Motor bus pioneer loses ticket to ride
On Sunday, about 9pm, ActingSergeant Hornibrook received a report that a man was apparently drowning in Ross Creek, cries having been heard in the water near Chapman’s timberyard. Searchers in a boat later found the body of a man near the centre of the creek opposite Stanley St. Personal papers suggested the unfortunate man was James Larkin, once employed at Alligator Creek. Constable Peterson reported having seen him about 11 o’clock on Sunday at South Townsville when he appeared to be suffering from the effects of liquor. There were no suspicious circumstances and it is believed the unfortunate man must have fallen into the water. MacRae’s Stadium, in Denham St will this evening be the scene of a thoroughly up- to- date and high- class entertainment, having for its object the raising of funds to benefit the General Hospital. In the midst of various calls on the generosity of Townsville citizens it is devoutly to be hoped that the needs ot this most deserving institution will not be overlooked. Madden owned it, and he was rightly proud of his pioneer motor bus.
He owned, also, the biggest team of horse buses running in Townsville but he realised that the motor had now got past the experimental stage of its evolution.
After six months’ tryout of the little Dennis, his ambition began to soar to wonderful heights.
Sandwiched in between the horse buses, the busy machine had shown splendid returns.
Then a big scheme to suddenly, at one stroke, motorise half of Townsville’s bus services began to generate in Madden’s brain.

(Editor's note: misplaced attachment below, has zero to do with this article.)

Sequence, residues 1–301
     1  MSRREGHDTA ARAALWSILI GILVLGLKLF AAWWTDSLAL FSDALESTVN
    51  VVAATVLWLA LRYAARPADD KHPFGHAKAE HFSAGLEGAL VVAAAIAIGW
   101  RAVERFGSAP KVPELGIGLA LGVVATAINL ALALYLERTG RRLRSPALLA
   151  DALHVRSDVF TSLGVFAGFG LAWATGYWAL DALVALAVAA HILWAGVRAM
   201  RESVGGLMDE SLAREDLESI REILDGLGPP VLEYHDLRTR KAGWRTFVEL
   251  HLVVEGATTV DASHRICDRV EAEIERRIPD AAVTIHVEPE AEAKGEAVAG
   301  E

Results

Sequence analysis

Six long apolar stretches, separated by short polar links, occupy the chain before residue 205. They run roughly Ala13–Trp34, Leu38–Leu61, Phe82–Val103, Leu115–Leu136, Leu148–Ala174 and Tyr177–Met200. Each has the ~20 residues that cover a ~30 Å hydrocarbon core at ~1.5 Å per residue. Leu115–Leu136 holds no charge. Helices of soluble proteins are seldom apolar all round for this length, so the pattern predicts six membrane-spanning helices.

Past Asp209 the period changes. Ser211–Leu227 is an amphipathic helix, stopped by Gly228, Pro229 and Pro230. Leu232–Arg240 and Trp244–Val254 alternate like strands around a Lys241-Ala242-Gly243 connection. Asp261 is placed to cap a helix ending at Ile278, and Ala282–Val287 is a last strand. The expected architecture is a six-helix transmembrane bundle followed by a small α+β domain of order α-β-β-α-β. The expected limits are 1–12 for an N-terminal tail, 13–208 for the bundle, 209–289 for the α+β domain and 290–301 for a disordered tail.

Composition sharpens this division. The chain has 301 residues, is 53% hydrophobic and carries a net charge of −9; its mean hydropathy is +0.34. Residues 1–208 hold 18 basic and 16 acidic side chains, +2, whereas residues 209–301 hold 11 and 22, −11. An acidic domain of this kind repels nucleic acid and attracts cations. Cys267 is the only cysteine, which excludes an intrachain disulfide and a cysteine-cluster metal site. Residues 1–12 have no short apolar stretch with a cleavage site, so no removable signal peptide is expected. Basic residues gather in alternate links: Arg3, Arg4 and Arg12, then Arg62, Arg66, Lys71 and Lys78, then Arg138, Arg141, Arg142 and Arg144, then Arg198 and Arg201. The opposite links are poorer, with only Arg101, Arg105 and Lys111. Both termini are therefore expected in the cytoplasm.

Accountants and solicitors were interviewed, next was the manager of the Bank of New South Wales, and last but not least Mr J. K. Mehan ( manag- ing editor of the TD Bulletin). And, lo was born the Townsville Motor Omnibus Company.
The new company decided to put a fleet of nine motor buses on the streets of Townsville, and this at their earliest possible date.
Madden insisted that all the motors must be of the same make and one design, and that the makers of the successful order be obliged to also accompany the consignment with an engineer who thoroughly understood the running of the engines.
Behold! Mr [ J. H.] Tice, now of the Australian Automotive Agencies, arrived from England with a shipment of Dennis chassis of three tons capacity.
Unfortunately the company directors then decided Mad- den was too young and inexperienced to manage such a large concern.
That was first mistake.
In replacing Madden they dispensed with the only man who really understood passenger traffic.
One after another, mistake after mistake followed in quick succession, and the company went into liquidation.
But the worth of a good power- plant at the front of a bus instead of a pair of horses had by now been firmly established in the minds of anyone not biased.
The first big company had gone, but from the ruins grew, and grew, the very fine passenger services which connect our sprawling city today.
[ Townsville Daily March 18,1926]
Drivers and vehicles from the Townsville Motor Omnibus Co Ltd, The Strand rockface, c. 1912.